- spina bifida aperta,
- spina bifida cystica,
- spina bifida manifesta,
- spina bifida occulta,
- spinal accessory nerve,
- spinal anaesthesia,
- spinal analgesia
Origin of spinach
Examples from the Web for spinach
I should also think about having a protein shake with kale and spinach for breakfast every morning.
Every frozen or fresh package of spinach can contain up to 50 aphids, mites, or thrips before the FDA labels it contaminated.Forget the Starbucks Backlash—We Should Be Eating More Bugs|Daniel Stone|April 24, 2012|DAILY BEAST
The mandate is the spinach we have to eat to get the dessert that is fairly priced insurance coverage.Why the Individual Mandate Is Effective and Efficient|Dr. Jonathan Gruber|March 27, 2012|DAILY BEAST
At dinner, she instructed the waiter to augment the french fries her husband had ordered with a side of spinach.
We sat on small brown cushions on the floor and tucked into spinach stew, grilled chicken, and spicy elbow macaroni.
New Zealand spinach is satisfactory for growing in warm climates, as it withstands heat better than the ordinary spinach.The Vegetable Garden|Anonymous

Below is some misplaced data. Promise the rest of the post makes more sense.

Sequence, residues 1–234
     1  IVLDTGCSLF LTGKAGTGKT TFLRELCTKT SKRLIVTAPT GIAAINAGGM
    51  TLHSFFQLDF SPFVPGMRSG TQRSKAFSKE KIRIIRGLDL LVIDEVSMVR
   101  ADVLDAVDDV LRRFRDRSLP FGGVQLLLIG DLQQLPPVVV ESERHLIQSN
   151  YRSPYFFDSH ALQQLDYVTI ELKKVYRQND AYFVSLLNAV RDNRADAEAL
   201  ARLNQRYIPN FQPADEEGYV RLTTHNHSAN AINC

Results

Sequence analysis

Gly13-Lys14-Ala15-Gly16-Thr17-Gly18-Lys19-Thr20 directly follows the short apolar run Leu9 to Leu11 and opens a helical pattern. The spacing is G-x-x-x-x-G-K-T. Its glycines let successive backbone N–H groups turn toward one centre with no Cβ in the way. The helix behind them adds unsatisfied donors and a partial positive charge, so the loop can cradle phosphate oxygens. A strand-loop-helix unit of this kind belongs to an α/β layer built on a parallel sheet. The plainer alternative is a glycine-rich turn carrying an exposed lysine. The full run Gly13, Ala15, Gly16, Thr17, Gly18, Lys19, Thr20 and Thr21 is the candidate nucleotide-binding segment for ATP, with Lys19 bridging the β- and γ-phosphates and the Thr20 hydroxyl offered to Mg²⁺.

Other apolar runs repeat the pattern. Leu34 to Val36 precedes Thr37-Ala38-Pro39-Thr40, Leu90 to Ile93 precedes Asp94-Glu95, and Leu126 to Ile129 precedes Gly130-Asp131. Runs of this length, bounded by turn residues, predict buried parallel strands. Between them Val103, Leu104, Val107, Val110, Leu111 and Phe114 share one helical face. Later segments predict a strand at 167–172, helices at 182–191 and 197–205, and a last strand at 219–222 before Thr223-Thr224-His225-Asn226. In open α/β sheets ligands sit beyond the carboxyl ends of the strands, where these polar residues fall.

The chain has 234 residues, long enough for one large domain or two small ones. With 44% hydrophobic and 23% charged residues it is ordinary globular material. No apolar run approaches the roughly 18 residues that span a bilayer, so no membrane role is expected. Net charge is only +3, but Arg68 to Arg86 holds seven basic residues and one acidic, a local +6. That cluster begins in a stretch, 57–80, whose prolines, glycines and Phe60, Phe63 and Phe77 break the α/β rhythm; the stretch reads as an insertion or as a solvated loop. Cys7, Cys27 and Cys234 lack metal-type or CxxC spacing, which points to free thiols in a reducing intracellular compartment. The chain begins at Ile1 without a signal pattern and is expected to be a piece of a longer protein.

I have eaten the young shoots of the common nettles in the spring of the year; they do not make a bad substitute for spinach.Country Walks of a Naturalist with His Children|W. Houghton
And the man who always ate spareribs and spinach and said he was a stock broker asked her to go to "Parsifal" with him.The Four Million|O. Henry
They are served like Lettuce, or boiled and treated as Coleworts or Spinach.The Field and Garden Vegetables of America|Fearing Burr
Look the spinach over carefully and remove all roots and dead leaves.Woman's Institute Library of Cookery, Vol. 2|Woman's Institute of Domestic Arts and Sciences
Word Origin for spinach
c.1400, from Anglo-French spinache, Old French espinache (Modern French épinard), from Old Provençal espinarc, which perhaps is via Catalan espinac, from Andalusian Arabic isbinakh, from Arabic isbanakh, from Persian aspanakh "spinach." But OED is not convinced the Middle Eastern words are native, and based on the plethora of Romanic forms pronounces the origin "doubtful." Old folk etymology connected the word with Latin spina (see spine) or with Medieval Latin Hispanicum olus. For pronunciation, see cabbage. In 1930s colloquial American English, it had a sense of "nonsense, rubbish," based on a famous "New Yorker" cartoon of Dec. 8, 1928.